Nanofabrication towards biophotonics
University College Cork
This thesis explores methods for fabrication of nanohole arrays, and their integration into a benchtop system for use as sensors or anti-counterfeit labels. Chapter 1 gives an introduction to plasmonics and more specifically nanohole arrays and how they have potential as label free sensors compared to the current biosensors on the market. Various fabrication methods are explored, including Focused Ion Beam, Electron Beam Lithography, Nanoimprint lithography, Template stripping and Phase Shift Lithography. Focused Ion Beam was chosen to fabricate the nanohole arrays due to its suitability for rapid prototyping and it’s relatively low cost. In chapter 2 the fabrication of nanohole arrays using FIB is described, and the samples characterised. The fabricated nanohole arrays are tested as bulk refractive index sensors, before a bioassay using whole molecule human IgG antibodies and antigen is developed and performed on the senor. In chapter 3 the fabricated sensors are integrated into a custom built system, capable of real time, multiplexed detection of biomolecules. Here, scFv antibodies of two biomolecules relevant to the detection of pancreatic cancer (C1q and C3) are attached to the nanohole arrays, and detection of their complementary proteins is demonstrated both in buffer (10 nM detection of C1q Ag) and human serum. Chapter 4 explores arrays of anisotropic (elliptical) nanoholes and shows how the shape anisotropy induces polarisation sensitive transmission spectra, in both simulations and fabricated arrays. The potential use of such samples as visible and NIR tag for anti-counterfeiting applications is demonstrated. Finally, chapter 5 gives a summary of the work completed and discusses potential future work in this area.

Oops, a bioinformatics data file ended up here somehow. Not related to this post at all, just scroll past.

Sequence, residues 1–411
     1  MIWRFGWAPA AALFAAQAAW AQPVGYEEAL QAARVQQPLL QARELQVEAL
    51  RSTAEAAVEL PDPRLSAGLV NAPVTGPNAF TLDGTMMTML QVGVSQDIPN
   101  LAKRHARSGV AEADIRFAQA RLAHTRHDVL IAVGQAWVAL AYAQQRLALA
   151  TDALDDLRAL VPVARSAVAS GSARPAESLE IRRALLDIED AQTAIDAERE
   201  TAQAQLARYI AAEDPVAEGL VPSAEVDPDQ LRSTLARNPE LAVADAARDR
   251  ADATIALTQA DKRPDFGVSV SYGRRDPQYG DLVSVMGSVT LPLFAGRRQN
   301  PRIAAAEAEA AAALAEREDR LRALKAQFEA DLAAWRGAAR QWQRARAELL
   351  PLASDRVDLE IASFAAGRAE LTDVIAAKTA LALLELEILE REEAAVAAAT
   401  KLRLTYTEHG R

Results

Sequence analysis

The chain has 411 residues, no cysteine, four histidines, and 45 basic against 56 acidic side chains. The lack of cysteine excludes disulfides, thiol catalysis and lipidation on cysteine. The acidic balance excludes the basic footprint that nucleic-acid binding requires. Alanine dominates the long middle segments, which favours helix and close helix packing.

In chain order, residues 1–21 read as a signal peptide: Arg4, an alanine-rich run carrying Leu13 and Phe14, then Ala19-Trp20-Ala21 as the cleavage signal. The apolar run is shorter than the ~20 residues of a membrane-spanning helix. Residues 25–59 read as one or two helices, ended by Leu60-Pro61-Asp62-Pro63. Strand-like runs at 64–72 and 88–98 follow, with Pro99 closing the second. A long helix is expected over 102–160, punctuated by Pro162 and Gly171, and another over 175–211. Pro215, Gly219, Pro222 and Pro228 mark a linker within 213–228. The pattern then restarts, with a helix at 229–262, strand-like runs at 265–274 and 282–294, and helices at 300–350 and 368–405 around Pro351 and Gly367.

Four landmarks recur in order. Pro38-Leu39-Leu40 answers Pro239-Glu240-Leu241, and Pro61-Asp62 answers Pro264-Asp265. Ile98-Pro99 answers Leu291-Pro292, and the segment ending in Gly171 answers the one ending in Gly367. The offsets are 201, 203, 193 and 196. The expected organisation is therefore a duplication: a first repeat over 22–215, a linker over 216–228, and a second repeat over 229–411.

Immuno-sensor , Plasmonics , Nanohole array , Real time label-free biosensing , C1q & C3 antigen detection , Pancreatic cancer biomarkers
Jones, D. 2015. Nanofabrication towards biophotonics. PhD Thesis, University College Cork.